Joseon dynasty

A powerful dynasty that lasted hundreds of years, the Joseon dynasty rejected Buddhism, turning instead to Neo-Confucianism. Magnificent palaces, shrines, and temples continued to be built.

1392–1897 C.E.

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<em>Four Preaching Buddhas</em>
Four Preaching Buddhas

The representative example of a sixteenth-century Buddhist painting commissioned by the royal Joseon court.

Buncheong Jar with cloud and dragon design
Buncheong Jar with cloud and dragon design

This buncheong jar with cloud and dragon design integrates the Goryeo tradition with elements acquired through cultural exchange.

Yun Du-seo, <em>Portrait of Sim Deukgyeong</em>
Yun Du-seo, Portrait of Sim Deukgyeong

Portrait of Sim Deukgyeong is an exemplary work that demonstrates how a gifted artist can capture a person’s spirit in a portrait.

Gujangbok, a ceremonial robe symbolizing the king’s prestige
Gujangbok, a ceremonial robe symbolizing the king’s prestige

A “gujangbok” is a ceremonial robe worn by the Joseon king is adorned with nine symbols representing the consummate authority and virtue of the king.

Kim Jeonghui’s calligraphy of Kim Yugeun’s <em>Autobiography of Mukso</em>
Kim Jeonghui’s calligraphy of Kim Yugeun’s Autobiography of Mukso

Very few original examples of Kim Jeonghui’s regular script have survived, making this work especially valuable.

Kim Jeongho, woodblocks of <em>Daedongnyeojido</em> (“Territorial Map of the Great East”)
Kim Jeongho, woodblocks of Daedongnyeojido (“Territorial Map of the Great East”)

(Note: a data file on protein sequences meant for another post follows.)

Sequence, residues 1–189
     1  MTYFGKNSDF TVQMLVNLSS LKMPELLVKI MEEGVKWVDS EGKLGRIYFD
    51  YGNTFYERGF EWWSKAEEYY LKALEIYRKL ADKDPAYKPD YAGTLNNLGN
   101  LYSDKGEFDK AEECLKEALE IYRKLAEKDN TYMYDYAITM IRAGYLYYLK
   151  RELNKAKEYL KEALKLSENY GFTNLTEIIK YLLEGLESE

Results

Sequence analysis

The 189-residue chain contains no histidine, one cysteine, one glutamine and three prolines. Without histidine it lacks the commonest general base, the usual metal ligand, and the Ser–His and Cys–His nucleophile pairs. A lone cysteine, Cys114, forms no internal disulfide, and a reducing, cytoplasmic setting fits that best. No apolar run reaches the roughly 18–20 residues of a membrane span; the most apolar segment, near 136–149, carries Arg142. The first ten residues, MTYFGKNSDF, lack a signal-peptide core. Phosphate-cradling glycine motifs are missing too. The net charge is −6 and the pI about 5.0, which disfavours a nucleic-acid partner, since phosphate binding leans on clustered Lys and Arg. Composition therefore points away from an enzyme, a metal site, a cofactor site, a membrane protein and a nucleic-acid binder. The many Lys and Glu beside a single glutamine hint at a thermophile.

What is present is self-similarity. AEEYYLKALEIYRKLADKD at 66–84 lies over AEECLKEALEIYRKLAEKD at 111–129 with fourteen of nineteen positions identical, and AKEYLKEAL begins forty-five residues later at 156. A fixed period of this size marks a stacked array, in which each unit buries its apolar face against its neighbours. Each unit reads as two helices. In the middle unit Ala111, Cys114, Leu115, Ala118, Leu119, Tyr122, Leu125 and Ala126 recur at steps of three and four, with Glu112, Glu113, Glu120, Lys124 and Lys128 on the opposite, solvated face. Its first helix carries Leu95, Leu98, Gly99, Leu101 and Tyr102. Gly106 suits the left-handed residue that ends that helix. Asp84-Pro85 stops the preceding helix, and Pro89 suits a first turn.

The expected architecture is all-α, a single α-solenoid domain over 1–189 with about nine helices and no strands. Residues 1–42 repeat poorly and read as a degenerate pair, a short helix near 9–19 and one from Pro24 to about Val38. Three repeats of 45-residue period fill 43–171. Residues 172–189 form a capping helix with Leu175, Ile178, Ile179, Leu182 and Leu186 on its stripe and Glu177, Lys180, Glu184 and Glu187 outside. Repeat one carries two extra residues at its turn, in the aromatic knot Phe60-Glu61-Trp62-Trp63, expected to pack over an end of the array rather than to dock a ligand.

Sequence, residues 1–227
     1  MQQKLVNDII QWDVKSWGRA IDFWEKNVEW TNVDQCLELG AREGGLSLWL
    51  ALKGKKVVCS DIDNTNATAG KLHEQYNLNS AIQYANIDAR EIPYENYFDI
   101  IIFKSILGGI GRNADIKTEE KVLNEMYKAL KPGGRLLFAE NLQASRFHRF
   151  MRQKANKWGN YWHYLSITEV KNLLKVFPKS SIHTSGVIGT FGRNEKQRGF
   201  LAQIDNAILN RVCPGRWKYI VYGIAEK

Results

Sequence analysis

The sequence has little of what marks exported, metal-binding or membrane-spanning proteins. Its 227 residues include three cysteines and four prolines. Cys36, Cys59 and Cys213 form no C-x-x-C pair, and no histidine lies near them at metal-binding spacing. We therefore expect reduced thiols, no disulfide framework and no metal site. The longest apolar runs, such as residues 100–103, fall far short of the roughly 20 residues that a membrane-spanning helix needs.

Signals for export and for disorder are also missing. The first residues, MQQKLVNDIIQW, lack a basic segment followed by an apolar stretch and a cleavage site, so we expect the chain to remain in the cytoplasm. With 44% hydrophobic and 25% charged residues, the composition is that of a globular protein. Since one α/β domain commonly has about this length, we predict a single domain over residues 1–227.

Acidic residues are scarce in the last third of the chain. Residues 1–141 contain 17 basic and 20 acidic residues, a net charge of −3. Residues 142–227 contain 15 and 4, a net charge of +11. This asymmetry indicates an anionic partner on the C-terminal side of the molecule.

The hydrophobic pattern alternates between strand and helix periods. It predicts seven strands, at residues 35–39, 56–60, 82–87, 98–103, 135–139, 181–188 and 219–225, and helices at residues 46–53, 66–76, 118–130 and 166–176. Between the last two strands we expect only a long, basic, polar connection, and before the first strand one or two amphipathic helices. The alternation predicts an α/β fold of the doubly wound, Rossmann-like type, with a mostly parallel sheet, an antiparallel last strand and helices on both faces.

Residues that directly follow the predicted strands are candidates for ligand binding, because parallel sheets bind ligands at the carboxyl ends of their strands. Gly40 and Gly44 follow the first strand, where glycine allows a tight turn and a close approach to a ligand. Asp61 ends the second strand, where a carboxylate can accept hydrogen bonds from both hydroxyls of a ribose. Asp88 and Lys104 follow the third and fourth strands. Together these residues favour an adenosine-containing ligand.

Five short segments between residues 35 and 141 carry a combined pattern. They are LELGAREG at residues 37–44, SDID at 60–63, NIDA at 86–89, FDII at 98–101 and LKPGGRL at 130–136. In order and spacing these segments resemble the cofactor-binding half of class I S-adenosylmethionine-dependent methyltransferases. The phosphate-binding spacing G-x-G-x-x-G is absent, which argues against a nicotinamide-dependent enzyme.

In 1861, the great cartographer Kim Jeongho produced the woodblocks and printed the map of Daedongnyeojido (“Territorial Map of the Great East) to create one enormous map of Korea.

White porcelain moon jars
White porcelain moon jars

This moon jar is made of plain white porcelain, and it represented the epitome of austere Confucian taste in Joseon Korea

Yi Myeonggi and Kim Hongdo, <em>Portrait of Seo Jiksu</em>
Yi Myeonggi and Kim Hongdo, Portrait of Seo Jiksu

Portrait of Seo Jiksu is an incredibly vivid depiction of the subject.

Royal tombs of the Joseon Dynasty
Royal tombs of the Joseon Dynasty

The Royal Tombs of the Joseon Dynasty form a collection of 40 tombs scattered over 18 locations.

Hwaseong Fortress
Hwaseong Fortress

When the Joseon King Jeongjo moved his father's tomb to Suwon at the end of the 18th century, he surrounded it with strong defensive works

Changdeokgung Palace complex
Changdeokgung Palace complex

In the early 15th century, the King Taejong ordered the construction of a new palace at an auspicious site.

Jongmyo Shrine
Jongmyo Shrine

Jongmyo is the oldest and most authentic of the Confucian royal shrines to have been preserved

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